- Develop a system for handling complaints: To prevent sexual harassment from getting out of hand, a system should be put in place that makes it easy for employees to report any incidents that occur. This policy should be well known to the employee and easy to follow. All complaints should be thoroughly investigated and decisive action taken.
- Avoid retaliatory actions: This might not be as easy as it sounds. There could be a temptation to remove, demote, or transfer an employee who is voicing complaints. Although these actions might be taken with the best of intentions, they could be construed as retaliation against a person for speaking up and should be avoided.
Creating an open and inviting environment with strong and transparent polices in place will help employees feel safe and confident, especially if another is mistreating them. They will have the confidence to speak up with their concerns, knowing that the company will rectify the situation.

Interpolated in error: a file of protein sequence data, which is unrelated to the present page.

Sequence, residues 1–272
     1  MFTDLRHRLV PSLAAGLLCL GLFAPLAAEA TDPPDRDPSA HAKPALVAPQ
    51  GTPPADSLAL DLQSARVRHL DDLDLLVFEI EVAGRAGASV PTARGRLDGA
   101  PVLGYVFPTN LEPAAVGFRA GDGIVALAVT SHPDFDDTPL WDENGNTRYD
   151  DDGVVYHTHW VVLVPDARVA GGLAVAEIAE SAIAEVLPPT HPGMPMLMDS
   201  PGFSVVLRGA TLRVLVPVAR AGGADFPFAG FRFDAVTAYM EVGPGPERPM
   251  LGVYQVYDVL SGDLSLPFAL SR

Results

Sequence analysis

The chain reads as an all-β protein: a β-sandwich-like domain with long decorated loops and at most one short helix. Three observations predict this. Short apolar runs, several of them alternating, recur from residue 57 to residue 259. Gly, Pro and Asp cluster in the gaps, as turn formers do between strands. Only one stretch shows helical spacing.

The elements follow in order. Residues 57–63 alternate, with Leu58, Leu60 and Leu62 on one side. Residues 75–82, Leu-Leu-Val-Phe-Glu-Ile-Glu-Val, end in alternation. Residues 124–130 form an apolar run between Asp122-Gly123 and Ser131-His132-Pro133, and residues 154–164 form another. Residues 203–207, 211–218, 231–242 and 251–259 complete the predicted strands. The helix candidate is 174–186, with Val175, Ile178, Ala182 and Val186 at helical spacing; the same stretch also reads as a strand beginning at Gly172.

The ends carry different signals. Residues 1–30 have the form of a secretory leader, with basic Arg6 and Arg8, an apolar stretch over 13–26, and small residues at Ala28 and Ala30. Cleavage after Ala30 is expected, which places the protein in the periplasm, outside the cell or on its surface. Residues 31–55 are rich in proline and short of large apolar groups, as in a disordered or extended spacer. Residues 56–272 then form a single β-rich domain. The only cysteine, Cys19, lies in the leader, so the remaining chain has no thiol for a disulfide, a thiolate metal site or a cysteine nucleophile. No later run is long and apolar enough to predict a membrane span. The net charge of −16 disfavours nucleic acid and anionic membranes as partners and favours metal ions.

Philadelphia Sexual Harassment Lawyers at Sidney L. Gold & Associates, P.C. Will Confront Any Owner Who is Sexually Harassing You
It can be intimidating and scary when facing ongoing sexual harassment from the owner of your company. You may believe you have no recourse available to you except to quit. Rest assured you have options available to you, and you can fight back. Let the Philadelphia sexual harassment lawyers at Sidney L. Gold & Associates, P.C. be your advocates as we confront the owner and their company to make sure you get the resolution that you deserve. No one should have to endure any form of sexual harassment, least of all from the owner. Call us today at 215-569-1999 or contact us online for a free consultation. Located in Philadelphia, Pennsylvania, and Pennsauken, New Jersey, we serve clients in Wilkes-Barre, Scranton, northeast Philadelphia, Bucks County, Chester County, Delaware County, Montgomery County, and Cherry Hill, South Jersey, as well as in New York.